Hitler’s idea was that the SA could be used to exert less than gentle pressure on people to make them vote for the Nazis, but its image would have to change for this to happen. Röhm accepted this new role and began cleaning up the SA, groups of whom now went on church parades on Sundays rather than smashing up beer halls on Saturdays. The SA also increased hugely in size, growing from 88,000 to 260,000 members within the first year of Röhm’s return. By 1934 its size exceeded three million.

Röhm’s big mistake was to have a different point of view from that of Adolf Hitler. He insisted on what he called “The primacy of the soldier”, and did not want the SA to be under political control. This was completely counter to Adolf’s Hitler’s thinking.

However, Hitler was slow to realise that his action of recalling his old friend from Bolivia could have been a serious mistake on his own part. The SA was now a rapidly growing armed force, far more disciplined than before, and its members were loyal firstly to Ernst Röhm and only secondly to Adolf Hitler.

Röhm, for his part, was making enemies of other powerful members of the Nazi Party, particularly Heinrich Himmler of the SS, who had risen from nowhere during Röhm’s absence and now saw himself as being under threat. Himmler clearly despised Röhm, despite the latter’s aristocratic pedigree, because he regarded Röhm as the leader of a working-class rabble of bully-boys, unlike his own elite force of hand-picked SS guards who came from a different class of German society.

One tactic used by Himmler, with the assistance of Hermann Göring, was to smear Ernst Röhm’s character. There was little doubt that Röhm was a homosexual, as were other leading members of the SA. His behaviour was far from discreet, and rumours of gay orgies involving SA officers were rife. However, this did not bother Hitler at first, as he still regarded Röhm as a valuable ally whose private life was his own affair.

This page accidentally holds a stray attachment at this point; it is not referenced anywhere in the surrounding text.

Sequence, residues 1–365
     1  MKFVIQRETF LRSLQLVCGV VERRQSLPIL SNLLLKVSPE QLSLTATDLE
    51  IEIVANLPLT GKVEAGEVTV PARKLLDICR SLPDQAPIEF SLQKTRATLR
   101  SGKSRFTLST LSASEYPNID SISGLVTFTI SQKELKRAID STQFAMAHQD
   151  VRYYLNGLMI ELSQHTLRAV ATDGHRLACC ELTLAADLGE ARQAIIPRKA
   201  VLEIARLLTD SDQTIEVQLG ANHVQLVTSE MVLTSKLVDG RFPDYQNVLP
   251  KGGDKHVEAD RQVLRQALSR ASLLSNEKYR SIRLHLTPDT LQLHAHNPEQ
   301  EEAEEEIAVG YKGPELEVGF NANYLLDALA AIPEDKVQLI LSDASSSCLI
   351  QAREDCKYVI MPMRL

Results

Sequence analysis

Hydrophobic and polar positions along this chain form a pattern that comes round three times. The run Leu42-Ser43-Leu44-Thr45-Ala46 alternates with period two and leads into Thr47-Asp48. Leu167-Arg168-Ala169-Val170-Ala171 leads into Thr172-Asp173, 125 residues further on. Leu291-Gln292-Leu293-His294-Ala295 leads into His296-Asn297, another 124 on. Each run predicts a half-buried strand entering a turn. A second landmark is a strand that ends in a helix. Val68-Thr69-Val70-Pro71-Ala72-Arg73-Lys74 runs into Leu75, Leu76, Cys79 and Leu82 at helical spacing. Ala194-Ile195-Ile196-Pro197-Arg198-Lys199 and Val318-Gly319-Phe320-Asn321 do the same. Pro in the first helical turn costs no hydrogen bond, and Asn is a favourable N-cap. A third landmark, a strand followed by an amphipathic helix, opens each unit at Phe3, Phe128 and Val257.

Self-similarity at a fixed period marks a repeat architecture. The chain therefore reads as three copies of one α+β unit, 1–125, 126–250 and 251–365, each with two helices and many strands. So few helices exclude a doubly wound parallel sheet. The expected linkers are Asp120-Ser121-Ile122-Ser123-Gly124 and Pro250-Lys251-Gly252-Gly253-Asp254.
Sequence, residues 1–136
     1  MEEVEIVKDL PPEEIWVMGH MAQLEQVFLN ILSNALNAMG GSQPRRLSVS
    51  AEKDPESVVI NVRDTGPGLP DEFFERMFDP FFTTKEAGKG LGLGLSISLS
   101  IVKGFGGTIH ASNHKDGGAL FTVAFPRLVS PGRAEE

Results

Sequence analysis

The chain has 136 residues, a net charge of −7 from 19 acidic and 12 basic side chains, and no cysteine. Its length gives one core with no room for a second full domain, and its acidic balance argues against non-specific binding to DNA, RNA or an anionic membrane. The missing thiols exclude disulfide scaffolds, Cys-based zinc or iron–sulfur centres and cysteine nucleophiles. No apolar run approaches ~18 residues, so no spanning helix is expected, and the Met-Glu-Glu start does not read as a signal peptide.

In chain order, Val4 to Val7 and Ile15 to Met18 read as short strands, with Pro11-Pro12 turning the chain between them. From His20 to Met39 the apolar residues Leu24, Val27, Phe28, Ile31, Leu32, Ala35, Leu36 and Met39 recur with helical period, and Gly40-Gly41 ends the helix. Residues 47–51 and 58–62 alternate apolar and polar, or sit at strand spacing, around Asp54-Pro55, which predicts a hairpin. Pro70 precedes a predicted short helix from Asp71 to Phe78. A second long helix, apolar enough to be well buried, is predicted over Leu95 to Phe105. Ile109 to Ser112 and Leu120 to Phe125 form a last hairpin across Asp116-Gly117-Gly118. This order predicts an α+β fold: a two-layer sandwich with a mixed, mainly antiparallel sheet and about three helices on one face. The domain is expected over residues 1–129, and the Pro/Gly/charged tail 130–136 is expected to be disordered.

But Röhm went too far by boasting that his SA was the real force in Germany and that Hitler could not touch him. He was quoted as saying: “Hitler can’t walk over me as he might have done a year ago. I’ve seen to that. I have three million men, with every key position in the hands of my own people”.

Hitler was only persuaded to turn against his old friend when he was eventually convinced that Röhm was plotting to overthrow him. Himmler and Göring invented a story to the effect that Röhm’s SA was going to seize power in a coup, having been offered money by the French government. Fake dossiers were produced to provide “evidence” against the leaders of the SA, and Hitler believed what he was told.

Hitler’s revenge came on 30th June 1934. He had ordered the SA leaders to a meeting at a hotel in Bavaria, but early in the morning of the day on which it was supposed to take place he arrived at the hotel in person, accompanied by armed SS members, and burst into Röhm’s room, where he was still in bed, to accuse him of treachery.

The events of the next 24 hours have been given the name “The Night of the Long Knives”. Suspected SA plotters were rounded up and executed, possibly as many as 200 people. Hitler’s sentence on Ernst Röhm was that he be made to take his own life, possibly so that Hitler would be spared the personal guilt of having ordered the killing of his old comrade-in-arms. However, Röhm refused to play along with this ploy and, having been left alone in a room with a pistol for ten minutes without shooting himself, was shot by the three SS guards who had been sent by Hitler to carry out his orders.

The death of Ernst Röhm and his fellow SA leaders made it abundantly clear that there was only one Führer in Germany, and that was Adolf Hitler. With his one serious rival out of the way, albeit by foul means rather than fair, the Hitler dictatorship was firmly entrenched. On the other hand, there were few who mourned the passing of Ernst Röhm.

© John Welford